Breakdown Spares and Tools

First a warning: In the event of a breakdown think road safety; have you got a hi-visibility jacket for yourself and passengers, if so wear it.  Can you place a warning triangle, or a person safely, back down the road, but make sure you collect the triangle and person afterwards.

Every time you take your 'Seven' on the road you should be carrying some spares and tools; those which cover most of the common problems that can be fixed at the roadside.

The most important point is that EVERY car should carry it's own spares at ALL TIMES.  It is not an acceptable excuse to say "I don't carry any spares because I wouldn't know how to fit them."  If you are out on a Club run there will always be someone who can fit them and whilst they will be very willing to help it is unreasonable to expect them to provide the spares as well.  After all they may need them a few miles further on if they also have a problem.

If you are out on your own and you have a breakdown, when the friendly man in the recovery van arrives he may be able to identify the fault but is extremely unlikely to carry any spare to fix an Austin Seven.  Show him your cache of spares and hopefully you may soon be on your way.

Carry your own spares; don't rely on someone else to do so.

What should you take with you?

Club runs
The minimum requirement is to carry two types of spares:

  1. Non-specific spares that could be used to fix, or overcome, a problem to enable you to get home where a permanent repair can be made.

Insulating tape;    Duck tape;    Baler twine;    A length of soft wire for binding;    Selection of cable ties;    Gasket cement;    Epoxy putty;    Selection of fuses;    Selection of split pins;    Emery cloth;    Radiator sealer;    A length of petrol pipe;    A length of HT lead;    A selection of fibre washer;    A selection of 1/4", 5/16" and 3/8" BSF & BSW nuts, bolts and washers;    A 2m length of electrical cable with a crocodile clip attached to each end;    Also useful is a diagnostic lamp in a short length of electrical cable with crocodile clip at the each end;    a spark plug tester.

    2.    Spare parts that can easily replace faulty parts.

A complete working distributor, including cap and drive gear;    A carburettor bowl, including jets and float;    A fuel pump diaphragm;    An ignition coil;    A set of new spark plugs;    A full set of light bulbs;    A set of core plugs;    A half shaft key;    A head gasket.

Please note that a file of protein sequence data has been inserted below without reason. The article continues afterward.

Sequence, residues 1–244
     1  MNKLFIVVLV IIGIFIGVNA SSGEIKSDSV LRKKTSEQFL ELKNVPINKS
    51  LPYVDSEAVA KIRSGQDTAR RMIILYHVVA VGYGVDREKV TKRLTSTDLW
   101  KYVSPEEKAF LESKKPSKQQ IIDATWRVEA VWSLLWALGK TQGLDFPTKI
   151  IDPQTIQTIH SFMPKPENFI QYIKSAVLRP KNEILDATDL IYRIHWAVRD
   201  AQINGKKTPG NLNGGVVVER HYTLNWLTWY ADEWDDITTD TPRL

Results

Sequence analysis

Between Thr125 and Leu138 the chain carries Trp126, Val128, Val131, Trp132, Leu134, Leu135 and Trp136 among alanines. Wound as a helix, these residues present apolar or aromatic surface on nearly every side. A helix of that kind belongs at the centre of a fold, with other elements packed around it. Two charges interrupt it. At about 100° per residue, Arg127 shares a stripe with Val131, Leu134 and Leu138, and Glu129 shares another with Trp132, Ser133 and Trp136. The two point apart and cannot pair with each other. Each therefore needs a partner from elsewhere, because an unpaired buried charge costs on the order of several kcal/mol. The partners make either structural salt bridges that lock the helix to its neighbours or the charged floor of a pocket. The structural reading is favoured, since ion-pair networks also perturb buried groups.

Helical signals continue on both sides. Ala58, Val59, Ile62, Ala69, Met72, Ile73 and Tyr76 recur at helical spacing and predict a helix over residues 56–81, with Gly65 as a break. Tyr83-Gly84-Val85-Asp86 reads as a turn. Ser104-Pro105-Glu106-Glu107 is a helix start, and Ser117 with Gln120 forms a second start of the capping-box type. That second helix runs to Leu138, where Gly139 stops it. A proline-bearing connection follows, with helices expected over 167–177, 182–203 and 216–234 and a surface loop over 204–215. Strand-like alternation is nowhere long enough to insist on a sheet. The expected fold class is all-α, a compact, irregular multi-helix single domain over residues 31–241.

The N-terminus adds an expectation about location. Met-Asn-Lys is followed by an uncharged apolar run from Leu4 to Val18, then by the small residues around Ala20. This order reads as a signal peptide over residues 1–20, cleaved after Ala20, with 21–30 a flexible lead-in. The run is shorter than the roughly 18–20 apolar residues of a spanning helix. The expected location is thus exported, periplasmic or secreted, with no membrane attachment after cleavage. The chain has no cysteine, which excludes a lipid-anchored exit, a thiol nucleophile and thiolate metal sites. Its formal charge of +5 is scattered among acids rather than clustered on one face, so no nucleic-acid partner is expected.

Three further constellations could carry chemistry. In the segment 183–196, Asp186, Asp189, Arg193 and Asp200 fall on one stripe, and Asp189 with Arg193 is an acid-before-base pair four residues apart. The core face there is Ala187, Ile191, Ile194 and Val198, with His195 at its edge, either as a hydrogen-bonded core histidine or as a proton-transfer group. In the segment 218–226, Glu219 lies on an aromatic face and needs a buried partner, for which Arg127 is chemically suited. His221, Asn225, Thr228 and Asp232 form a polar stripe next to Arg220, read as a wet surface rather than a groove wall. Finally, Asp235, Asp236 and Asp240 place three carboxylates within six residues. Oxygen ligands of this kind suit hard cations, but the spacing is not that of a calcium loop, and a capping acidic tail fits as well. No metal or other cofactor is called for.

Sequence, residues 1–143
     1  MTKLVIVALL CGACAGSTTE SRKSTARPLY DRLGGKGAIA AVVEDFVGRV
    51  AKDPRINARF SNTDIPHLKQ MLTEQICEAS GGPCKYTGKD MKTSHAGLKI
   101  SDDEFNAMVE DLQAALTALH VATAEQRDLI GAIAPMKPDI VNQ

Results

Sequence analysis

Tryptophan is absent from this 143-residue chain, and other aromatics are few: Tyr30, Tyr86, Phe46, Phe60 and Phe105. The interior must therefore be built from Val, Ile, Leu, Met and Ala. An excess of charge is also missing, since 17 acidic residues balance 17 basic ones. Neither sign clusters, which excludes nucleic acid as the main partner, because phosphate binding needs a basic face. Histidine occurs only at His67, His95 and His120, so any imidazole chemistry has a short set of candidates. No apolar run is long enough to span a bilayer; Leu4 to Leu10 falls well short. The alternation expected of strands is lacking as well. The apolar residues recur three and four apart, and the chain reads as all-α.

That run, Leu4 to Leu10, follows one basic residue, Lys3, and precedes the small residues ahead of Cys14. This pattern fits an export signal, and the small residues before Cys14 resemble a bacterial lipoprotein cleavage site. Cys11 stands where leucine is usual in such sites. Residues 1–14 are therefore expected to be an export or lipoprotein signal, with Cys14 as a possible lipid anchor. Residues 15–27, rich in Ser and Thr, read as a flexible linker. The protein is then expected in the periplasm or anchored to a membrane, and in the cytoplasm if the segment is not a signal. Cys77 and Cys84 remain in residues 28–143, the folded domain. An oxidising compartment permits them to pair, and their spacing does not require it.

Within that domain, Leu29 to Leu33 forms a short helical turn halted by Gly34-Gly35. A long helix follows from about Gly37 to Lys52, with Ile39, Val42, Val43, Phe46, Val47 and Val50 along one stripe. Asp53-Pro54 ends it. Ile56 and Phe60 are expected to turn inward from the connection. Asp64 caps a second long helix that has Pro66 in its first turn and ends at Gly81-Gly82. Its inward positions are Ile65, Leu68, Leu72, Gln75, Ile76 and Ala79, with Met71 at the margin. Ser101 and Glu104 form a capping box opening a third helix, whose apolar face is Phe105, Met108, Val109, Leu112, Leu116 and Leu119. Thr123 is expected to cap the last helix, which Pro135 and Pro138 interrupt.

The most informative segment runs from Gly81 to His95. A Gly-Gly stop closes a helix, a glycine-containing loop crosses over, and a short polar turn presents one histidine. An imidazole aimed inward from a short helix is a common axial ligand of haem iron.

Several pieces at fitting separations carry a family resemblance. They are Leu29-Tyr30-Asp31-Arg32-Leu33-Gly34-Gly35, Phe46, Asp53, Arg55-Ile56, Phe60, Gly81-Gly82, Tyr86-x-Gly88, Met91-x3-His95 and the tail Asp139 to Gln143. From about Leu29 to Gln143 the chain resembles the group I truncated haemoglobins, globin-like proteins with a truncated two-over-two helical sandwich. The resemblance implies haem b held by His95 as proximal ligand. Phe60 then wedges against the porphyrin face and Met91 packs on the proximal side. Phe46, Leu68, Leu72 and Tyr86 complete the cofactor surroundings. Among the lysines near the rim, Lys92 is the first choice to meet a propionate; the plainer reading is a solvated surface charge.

In addition you should carry spare oil and water, some rags and a pack of Swarfega hand wipes or similar.

Weekends away and Club Holidays
Some of the suggestions might seem odd but they are based on 'real life' events when the availability of the spare, fitted on the roadside, would have enabled the journey to be continued. The minimum requirement is:

Half-shaft and nut;    Usable second-hand king pin;    Pair of brake shoes;    Pair of brake springs;    Footbrake rod;    Gear lever;    Inner tube;    Puncture repair kit;    Dynamo brushes;    Fan belt;    Radiator hose and clips;    Front and rear spring U-bolts;    Valve and spring;    Working dynamo (if you are travelling as a group one between all should be sufficient).

And Tools
As a minimum all 'Sevens' should be carrying the tools which should enable most roadside repairs to be carried out.

Jack;     Wheel brace;    Plug spanner;    Small and medium screwdrivers with a good blade;    BSW spanners - 3/16 x 1/4; 1/4 x 5/16; 5/16 x 3/8, 3/8 x 7/16;    Adjustable spanner;    Pliers;    Hub puller;    Valve spring compressor;    Small hammer;    Jet key (up-draught carburettors);    Hacksaw blade;    Small knife;    Torch + spare batteries;    Mole grips.

These suggestions are a minimum; if you have fittings which are specific to your 'Seven' then do make sure that you have the where-with-all to remove and re-assemble them.  Not many of us have 'Metric' fastenings but if you do make sure that you have metric spanners.

If you wish to carry other items, and have the room to stow them safely and securely, then do carry them at all times. 

A hi-visibility jacket is a good item to carry, in addition to spares and tools.

Driving Abroad
If you are intending to drive your 'Seven' in Europe then do check the legal requirements, of the country you will be visiting, regarding spares, tools, paperwork, first aid kit, warning triangle, hi-visibility jacket etc - they vary from one to another and from our own.  There are several useful websites covering the topic.

However, always carry out routine maintenance regularly and make the basic checks before leaving home.  Even so, we all experience problems now and again; just be prepared to deal with it, with the help of others, when necessary.


This article, written by Andrew Jarmin, originally appeared in CA7C Seven Focus in Mar 2004 pp8-9 and April 2004 p8.


See also

Fuel starvation - Cause of Breakdown

Roadside Electrical Breakdown